Chrome OS’s animations – whether that’s switching from full-screen to windowed mode or the taskbar fading out – are more visually appealing than ever before.
A review unit of the new HP Chromebook 11 just arrived and I can already tell the improved display will make some people happy. To my eyes, the IPS display looks clearer and colors appear more vivid than on my older Chromebooks — save for the Pixel — even though most of them have the same 1366 x 768 resolution. The aspect ratio makes the screen look wider too.
Audio. Wow, Google Music pumping through my Harmon Kardon SoundSticks punches more aerial definition and better soundstage than either Chromebook Pixel or MacBook Pro with Retina Display. Seriously — and that’s without cranking volume way up, which I must do on the Pixel.
In our brief hands-on time, the Chromebook 11′s keyboard offered good travel. In a wise move, Google placed the speakers for the Chromebook 11 underneath the keyboard. Google says it worked with HP to fine tune the speakers, and the result is fairly crisp audio. When we streamed “Roll Away Your Stone” by Mumford & Sons, the audio was loud without being tinny.
The keyboard uses essentially the same layout as that of the Pixel, which means full-sized keys in a straightforward layout. Like other Chromebooks, it lacks the equivalent of the Command or Windows key that you’d find on Mac or PC keyboards, in favor of double-width Ctrl and Alt keys on the left. The Caps Lock key continues to be supplanted by a Search key, but you can re-map it to Caps Lock in the settings if you need to yell on the Internet more often than you need to search for things. The trackpad in this Chromebook is reasonably accurate and responsive, though we’ll have to type on the system for a bit more time before we can say for sure how it handles things like palm rejection.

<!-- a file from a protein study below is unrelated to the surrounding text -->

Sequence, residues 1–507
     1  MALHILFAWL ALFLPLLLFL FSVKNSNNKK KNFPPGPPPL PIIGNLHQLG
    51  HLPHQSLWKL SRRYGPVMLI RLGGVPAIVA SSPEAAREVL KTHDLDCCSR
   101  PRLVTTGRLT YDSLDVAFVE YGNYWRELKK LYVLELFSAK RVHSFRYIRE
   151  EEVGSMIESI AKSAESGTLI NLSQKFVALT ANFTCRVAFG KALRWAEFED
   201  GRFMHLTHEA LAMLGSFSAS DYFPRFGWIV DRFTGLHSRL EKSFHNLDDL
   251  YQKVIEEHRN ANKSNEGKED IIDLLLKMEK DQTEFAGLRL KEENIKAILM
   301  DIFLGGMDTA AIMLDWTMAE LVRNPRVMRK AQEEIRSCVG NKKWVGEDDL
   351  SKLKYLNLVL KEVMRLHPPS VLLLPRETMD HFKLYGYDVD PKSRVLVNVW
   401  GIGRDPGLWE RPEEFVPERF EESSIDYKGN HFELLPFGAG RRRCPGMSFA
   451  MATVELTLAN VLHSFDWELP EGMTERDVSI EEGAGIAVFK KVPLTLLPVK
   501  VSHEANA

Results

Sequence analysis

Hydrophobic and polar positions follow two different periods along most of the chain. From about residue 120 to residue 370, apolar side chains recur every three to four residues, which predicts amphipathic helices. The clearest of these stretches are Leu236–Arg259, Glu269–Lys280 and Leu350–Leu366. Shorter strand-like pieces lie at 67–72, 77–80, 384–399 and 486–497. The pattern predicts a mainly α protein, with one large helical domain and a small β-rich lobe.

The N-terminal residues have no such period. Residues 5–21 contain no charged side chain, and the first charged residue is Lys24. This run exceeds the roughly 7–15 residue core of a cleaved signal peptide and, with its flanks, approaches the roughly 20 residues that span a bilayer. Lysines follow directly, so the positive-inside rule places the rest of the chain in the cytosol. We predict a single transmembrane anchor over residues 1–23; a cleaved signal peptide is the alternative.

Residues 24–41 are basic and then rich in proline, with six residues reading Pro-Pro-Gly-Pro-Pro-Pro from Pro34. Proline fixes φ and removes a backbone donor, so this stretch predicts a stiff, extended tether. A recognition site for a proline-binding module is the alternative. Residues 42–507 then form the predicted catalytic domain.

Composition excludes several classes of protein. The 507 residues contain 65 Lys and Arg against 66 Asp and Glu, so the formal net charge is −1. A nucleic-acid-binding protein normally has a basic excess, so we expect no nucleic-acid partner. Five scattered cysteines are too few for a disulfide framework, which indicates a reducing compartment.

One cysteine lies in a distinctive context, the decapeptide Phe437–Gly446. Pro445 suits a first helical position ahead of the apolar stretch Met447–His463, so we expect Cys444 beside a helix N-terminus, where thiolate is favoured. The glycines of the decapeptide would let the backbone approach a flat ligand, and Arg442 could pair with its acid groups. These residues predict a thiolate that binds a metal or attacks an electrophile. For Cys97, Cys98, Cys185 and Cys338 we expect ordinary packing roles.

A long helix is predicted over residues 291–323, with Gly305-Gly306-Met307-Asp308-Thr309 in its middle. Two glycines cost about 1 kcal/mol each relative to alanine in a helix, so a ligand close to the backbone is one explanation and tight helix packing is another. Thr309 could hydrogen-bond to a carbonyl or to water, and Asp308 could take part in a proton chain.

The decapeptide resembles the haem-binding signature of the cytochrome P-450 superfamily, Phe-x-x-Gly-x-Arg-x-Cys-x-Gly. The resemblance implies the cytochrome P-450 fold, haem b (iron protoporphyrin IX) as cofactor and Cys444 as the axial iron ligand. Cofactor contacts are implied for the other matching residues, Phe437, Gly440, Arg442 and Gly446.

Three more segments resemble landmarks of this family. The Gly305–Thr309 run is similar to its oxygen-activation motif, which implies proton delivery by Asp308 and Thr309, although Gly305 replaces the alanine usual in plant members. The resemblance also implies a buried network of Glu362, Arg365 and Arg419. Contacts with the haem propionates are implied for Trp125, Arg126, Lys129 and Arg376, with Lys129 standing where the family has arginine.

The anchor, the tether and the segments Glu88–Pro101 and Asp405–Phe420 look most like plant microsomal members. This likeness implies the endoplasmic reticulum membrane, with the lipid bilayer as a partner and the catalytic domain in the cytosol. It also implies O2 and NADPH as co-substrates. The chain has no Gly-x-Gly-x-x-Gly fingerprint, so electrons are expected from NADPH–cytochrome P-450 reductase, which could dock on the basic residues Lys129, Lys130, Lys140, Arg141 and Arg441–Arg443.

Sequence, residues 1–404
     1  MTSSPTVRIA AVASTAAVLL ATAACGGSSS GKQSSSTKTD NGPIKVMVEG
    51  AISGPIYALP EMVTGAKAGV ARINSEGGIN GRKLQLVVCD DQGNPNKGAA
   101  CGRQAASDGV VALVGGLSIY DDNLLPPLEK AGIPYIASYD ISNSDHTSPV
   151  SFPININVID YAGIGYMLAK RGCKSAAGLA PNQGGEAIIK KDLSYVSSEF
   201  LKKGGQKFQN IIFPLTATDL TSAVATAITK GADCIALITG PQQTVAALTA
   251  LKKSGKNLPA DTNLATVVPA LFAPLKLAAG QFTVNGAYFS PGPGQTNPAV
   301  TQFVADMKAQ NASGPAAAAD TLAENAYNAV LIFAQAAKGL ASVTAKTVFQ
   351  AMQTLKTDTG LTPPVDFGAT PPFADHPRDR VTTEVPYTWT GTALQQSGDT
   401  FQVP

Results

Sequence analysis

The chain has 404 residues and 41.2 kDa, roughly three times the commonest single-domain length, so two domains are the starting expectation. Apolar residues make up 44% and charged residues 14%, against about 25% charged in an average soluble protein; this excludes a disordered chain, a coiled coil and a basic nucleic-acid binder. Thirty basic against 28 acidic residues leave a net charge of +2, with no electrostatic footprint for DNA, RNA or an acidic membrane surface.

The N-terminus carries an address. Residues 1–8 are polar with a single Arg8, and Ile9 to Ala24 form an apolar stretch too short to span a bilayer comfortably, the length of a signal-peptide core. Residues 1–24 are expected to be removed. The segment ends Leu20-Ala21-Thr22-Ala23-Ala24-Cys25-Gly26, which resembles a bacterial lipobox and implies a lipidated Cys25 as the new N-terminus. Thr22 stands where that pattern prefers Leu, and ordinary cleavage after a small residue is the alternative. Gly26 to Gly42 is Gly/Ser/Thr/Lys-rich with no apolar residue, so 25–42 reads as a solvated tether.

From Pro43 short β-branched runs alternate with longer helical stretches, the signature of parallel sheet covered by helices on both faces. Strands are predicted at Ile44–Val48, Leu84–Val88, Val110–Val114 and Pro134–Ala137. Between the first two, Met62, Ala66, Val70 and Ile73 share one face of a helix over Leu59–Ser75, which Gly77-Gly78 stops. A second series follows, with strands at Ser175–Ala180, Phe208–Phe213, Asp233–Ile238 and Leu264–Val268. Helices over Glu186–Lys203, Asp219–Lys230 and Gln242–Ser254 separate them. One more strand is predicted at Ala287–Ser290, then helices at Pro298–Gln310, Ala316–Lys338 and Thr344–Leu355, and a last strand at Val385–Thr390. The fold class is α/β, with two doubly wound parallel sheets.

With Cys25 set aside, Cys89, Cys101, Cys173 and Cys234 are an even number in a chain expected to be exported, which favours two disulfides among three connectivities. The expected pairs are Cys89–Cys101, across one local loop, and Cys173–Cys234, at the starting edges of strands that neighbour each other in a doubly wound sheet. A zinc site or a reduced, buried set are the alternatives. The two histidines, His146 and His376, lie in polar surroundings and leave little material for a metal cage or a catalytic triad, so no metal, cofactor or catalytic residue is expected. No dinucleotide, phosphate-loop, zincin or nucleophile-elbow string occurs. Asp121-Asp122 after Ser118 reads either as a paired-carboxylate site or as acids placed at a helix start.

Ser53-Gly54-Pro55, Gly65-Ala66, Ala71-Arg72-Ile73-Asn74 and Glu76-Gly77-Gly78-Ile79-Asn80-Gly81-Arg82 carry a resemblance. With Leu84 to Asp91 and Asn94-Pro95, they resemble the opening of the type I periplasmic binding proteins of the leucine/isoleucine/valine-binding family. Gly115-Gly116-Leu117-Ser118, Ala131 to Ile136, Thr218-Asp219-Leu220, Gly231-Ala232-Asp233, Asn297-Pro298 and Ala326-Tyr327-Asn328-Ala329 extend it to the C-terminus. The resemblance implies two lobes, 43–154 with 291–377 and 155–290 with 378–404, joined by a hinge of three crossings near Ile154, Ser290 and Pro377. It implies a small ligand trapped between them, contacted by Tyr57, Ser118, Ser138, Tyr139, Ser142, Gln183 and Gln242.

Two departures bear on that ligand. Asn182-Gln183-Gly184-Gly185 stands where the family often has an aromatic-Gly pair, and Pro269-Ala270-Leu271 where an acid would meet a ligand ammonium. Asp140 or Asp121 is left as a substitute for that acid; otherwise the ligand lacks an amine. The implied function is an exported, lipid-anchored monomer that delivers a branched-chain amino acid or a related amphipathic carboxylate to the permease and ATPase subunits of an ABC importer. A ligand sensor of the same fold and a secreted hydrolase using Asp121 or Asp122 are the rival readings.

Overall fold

10. Sarah Tew – CNET
Inside, the Chromebook 11 is running a dual-core Samsung Exynos processor — the same, it seems, as Samsung’s own $249 model. It has 16GB of onboard storage, 2GB of RAM, and two USB ports. There’s no touch screen, but the 11.6-inch IPS display boasts a decent 1,366×768-pixel resolution, and looks brighter and sharper from various viewing angles than any other budget Chromebook.
Unfortunately, the HP Chromebook 11 loses two niceties found on the earlier Samsung, which remains available for $30 less: there’s no SD card slot and no full-size HDMI port. (The Micro-USB charge port also doubles as an HDMI output, but you’ll need a special cable to connect to a TV or monitor.) Both of those are pretty important and useful ports. But, it’s clear that Google is pushing Chromecast: the Chromebook 11 supports Chromecast, and using it could potentially serve as a wireless alternative to HDMI. But, even with two years of 100GB cloud-based Google Drive storage included, having an extra storage slot via SD card would be helpful. For camera connectivity, you can still connect via USB.